Pitcheswara Rao Atluri

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Pitcheswara Rao Atluri (1925 – 1966) was an Indian writer, and a prominent writer in the Telugu language.

Personal life[edit]

He was born in the small village of Choutapalli in Krishna District, Andhra Pradesh on April 12, 1925. Later, his family migrated to the nearby village, Pulaparru. He studied in Choutapally village and Kaikaluru schools. He was first in the Hindi 'Visharada' exams. He completed his Inter in the Hindu College.[1] He joined the Indian Navy after completing his studies in 1945. In 1948 he passed his B R W, K C G exams. He resigned from the Indian Navy in 1953.

His wife, Chouda Rani, was the youngest daughter of Tripuraneni Ramaswamy, a great Telugu poet and social reformer. Chouda Rani herself was a short story writer, and novelist.[citation needed] She started an exclusive Telugu bookstore in Madras. She died in 1996.[citation needed]

Writing career[edit]

He worked at a daily Telugu newspaper, Vishalandhra, for some time. In 1962, he moved to Madras, the present Chennai, and worked as a film screenwriter, for which he became famous.[citation needed] He translated famous works of literature from the Hindi language into Telugu-Godaan, Prathidwani, Pekamukkalu, and Gaadida Athma Kadha. Apart from translation, he wrote many stories, radio plays, sketches, and others. "Manasulo Manishi' is notable.[citation needed]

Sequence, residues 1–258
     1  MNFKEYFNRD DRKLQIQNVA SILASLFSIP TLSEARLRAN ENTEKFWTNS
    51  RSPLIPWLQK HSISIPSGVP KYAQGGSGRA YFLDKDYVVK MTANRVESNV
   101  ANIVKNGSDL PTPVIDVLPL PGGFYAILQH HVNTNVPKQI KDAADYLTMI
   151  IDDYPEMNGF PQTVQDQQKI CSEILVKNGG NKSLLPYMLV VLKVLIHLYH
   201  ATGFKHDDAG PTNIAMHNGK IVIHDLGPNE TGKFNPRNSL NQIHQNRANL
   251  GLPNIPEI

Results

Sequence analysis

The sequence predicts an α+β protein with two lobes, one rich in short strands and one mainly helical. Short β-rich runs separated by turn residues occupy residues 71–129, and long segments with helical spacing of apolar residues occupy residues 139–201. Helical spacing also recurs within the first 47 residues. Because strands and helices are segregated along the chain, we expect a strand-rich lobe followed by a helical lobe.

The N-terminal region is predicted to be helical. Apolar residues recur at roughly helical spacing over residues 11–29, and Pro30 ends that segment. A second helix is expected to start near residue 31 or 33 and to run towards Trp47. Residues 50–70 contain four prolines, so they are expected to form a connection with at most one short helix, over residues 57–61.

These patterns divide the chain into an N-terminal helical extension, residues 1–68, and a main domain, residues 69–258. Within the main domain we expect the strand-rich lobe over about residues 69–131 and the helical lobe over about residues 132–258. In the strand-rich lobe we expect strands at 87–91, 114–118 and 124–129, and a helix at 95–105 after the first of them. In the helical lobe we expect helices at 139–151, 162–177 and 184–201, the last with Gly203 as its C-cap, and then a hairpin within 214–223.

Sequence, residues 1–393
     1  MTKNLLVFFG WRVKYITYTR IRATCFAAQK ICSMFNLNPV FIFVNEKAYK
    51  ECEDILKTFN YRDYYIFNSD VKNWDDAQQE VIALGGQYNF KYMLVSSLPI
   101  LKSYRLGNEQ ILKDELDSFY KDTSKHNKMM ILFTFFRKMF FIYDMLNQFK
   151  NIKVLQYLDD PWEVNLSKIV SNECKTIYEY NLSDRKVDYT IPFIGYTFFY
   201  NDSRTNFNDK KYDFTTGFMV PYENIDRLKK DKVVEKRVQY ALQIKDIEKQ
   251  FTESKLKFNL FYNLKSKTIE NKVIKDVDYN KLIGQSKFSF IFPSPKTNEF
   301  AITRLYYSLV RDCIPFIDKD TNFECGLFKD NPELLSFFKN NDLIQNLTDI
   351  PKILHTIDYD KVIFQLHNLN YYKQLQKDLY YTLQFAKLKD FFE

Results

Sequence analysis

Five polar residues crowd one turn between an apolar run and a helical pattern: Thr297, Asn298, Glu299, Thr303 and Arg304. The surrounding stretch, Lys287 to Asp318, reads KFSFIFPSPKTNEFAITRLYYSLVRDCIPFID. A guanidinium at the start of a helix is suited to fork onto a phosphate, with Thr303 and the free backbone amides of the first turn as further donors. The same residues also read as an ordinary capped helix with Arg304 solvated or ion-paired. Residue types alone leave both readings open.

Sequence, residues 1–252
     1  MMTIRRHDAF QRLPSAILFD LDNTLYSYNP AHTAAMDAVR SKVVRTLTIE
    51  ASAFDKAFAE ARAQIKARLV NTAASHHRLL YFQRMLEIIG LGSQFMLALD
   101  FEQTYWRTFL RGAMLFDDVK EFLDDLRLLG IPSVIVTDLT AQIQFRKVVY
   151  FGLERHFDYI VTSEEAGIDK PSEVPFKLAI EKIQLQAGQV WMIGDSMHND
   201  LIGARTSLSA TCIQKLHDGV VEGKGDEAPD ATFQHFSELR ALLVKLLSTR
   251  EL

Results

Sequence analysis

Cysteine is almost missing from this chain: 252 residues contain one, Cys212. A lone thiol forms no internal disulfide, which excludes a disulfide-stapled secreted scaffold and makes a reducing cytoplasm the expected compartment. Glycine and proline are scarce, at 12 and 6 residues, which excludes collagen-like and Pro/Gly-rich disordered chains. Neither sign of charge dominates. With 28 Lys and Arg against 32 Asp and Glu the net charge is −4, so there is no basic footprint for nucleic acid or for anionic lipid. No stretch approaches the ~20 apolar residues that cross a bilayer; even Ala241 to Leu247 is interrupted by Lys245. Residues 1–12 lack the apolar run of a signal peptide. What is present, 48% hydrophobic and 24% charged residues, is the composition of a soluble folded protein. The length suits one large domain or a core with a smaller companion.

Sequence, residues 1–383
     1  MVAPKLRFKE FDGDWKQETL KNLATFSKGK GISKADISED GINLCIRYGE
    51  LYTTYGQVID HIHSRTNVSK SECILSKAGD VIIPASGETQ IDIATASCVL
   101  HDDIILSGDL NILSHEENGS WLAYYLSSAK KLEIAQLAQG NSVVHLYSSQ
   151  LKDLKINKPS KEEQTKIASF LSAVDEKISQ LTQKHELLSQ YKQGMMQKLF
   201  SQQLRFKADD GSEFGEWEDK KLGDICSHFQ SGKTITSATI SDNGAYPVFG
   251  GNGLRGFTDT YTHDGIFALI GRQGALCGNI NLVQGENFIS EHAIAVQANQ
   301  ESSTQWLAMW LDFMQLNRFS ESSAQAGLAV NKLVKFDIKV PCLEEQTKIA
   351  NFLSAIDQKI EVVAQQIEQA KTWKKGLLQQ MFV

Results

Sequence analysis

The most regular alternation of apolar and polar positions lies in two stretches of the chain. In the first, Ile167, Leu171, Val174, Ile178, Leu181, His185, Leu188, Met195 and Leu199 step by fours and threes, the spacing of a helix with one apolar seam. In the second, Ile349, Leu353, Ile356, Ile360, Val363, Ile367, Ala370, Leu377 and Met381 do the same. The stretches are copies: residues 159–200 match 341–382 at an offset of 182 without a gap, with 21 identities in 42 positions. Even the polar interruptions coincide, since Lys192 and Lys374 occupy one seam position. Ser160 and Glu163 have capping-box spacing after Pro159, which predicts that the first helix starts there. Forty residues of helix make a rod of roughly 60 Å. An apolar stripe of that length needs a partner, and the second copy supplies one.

The scripts for the Gowthama Budha and Veeresalingam documentaries are examples of his unparalleled talent as a writer. They are considered[by whom?] to be rare works of art in Telugu language. Just as he was blossoming into a great film screenwriter, he died on September 26, 1966 from a heart attack.[citation needed]

Works[edit]

Some of his published works:

  • Jeevachhavaalu
  • Nethuru kadha
  • Chiranjeevulu
  • Gadavani Ninna
  • Korina varam
  • August 15na
  • Verrikaadu Vedaantham
  • Donkala vankala Manasulu
  • Sastry
  • Sabadham
  • Kadhakudu
  • Vimukti
  • Gadachina dinnalu
  • Brathakadam Theliyanivaadu
  • Oka Anubhavam

References[edit]

  1. ^ Unattributed (2011). "History of Machilipatnam". About Machilipatnam. Manakrishanazilla.com. Retrieved 4 January 2012.